The recent calving of a large iceberg from a southern Chilean glacier threatens local ship navigation and could result in flooding for costal communities, experts said.
An iceberg measuring some 350 by 380 meters (1,150 by 1,250 feet) broke from the Grey glacier in far southern Chile in late November.
The size of the break surprised local scientists who monitor the glacier.
"Events like this are part of a short-term irreversible tendency" due to rising global temperatures, said Raul Cordero, a climate change expert at the Universidad de Santiago.
The iceberg now seems like a large chunk of ice, "but it will become a threat" since it will move out to sea and break up into smaller pieces, said Ricardo Jana, a glaciologist at the Chilean National Antarctic Institute.
Given its size, the smaller icebergs likely to break off can create problems for area navigation, Jana said.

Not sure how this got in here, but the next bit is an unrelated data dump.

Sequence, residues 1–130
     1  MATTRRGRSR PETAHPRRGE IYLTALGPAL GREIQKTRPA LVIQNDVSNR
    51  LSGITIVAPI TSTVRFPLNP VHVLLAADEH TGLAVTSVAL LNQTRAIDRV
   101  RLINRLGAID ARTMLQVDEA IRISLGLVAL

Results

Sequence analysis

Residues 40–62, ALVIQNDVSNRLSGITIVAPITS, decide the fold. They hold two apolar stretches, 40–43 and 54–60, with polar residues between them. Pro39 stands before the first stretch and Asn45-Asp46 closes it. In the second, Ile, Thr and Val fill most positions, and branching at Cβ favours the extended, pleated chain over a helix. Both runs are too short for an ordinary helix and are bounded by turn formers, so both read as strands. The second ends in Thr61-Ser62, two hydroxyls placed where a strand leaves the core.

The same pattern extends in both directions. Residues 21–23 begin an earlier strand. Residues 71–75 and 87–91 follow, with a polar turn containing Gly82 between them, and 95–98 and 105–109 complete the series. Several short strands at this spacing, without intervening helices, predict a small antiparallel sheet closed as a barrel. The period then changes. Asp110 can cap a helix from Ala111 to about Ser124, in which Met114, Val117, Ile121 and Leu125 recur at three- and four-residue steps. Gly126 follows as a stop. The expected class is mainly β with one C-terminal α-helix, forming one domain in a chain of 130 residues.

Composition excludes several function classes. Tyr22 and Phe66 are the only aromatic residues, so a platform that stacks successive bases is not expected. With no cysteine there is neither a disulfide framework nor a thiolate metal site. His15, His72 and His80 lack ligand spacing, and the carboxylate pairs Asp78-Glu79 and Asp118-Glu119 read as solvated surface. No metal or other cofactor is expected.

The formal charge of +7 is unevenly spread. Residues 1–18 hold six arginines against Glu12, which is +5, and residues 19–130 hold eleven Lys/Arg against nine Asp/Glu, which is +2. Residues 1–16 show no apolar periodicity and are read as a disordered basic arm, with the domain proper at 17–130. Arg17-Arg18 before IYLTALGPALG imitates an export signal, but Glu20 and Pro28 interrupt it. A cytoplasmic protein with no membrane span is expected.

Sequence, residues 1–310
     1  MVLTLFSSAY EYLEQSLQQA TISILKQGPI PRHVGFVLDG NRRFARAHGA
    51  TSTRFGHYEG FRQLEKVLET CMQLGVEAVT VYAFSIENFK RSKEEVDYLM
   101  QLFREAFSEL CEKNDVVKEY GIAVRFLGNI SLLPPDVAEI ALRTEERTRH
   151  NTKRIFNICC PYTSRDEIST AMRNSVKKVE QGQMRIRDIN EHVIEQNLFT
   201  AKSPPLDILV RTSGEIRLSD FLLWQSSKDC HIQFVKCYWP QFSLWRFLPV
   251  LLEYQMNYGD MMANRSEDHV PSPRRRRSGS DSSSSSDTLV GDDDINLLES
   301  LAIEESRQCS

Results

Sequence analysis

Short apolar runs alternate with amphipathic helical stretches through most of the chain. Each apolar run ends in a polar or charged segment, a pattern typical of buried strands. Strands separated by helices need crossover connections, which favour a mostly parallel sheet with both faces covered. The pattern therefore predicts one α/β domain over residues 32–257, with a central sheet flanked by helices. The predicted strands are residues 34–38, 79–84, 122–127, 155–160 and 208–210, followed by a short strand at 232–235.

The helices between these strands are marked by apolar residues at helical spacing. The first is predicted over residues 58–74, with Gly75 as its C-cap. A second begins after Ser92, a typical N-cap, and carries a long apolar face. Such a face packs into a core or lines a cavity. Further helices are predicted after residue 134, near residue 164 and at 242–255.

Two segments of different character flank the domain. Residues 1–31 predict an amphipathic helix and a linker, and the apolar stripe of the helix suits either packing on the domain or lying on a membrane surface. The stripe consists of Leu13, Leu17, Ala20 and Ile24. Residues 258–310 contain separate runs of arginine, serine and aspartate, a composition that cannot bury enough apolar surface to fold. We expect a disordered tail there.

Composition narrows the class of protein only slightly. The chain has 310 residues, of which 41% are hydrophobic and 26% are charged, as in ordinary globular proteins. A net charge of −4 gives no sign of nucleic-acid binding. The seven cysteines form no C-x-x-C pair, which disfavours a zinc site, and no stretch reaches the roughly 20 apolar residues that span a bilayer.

The icebergs will also contribute to a rise in the sea level, "putting coastal communities at risk for possible flooding," Jana said.
The Grey glacier is located at the Torres del Paine National Park, some 3,200 kilometers (2,000 miles) south of the capital Santiago.
Over the past 30 years the glacier—now measuring some 270 square kilometers—has lost about two square kilometers of ice.
The glacier is part of the Southern Patagonia Ice Fields, the third largest land-based ice field after Antarctica and Greenland. The Ice Fields straddle southern Chile and Argentina.
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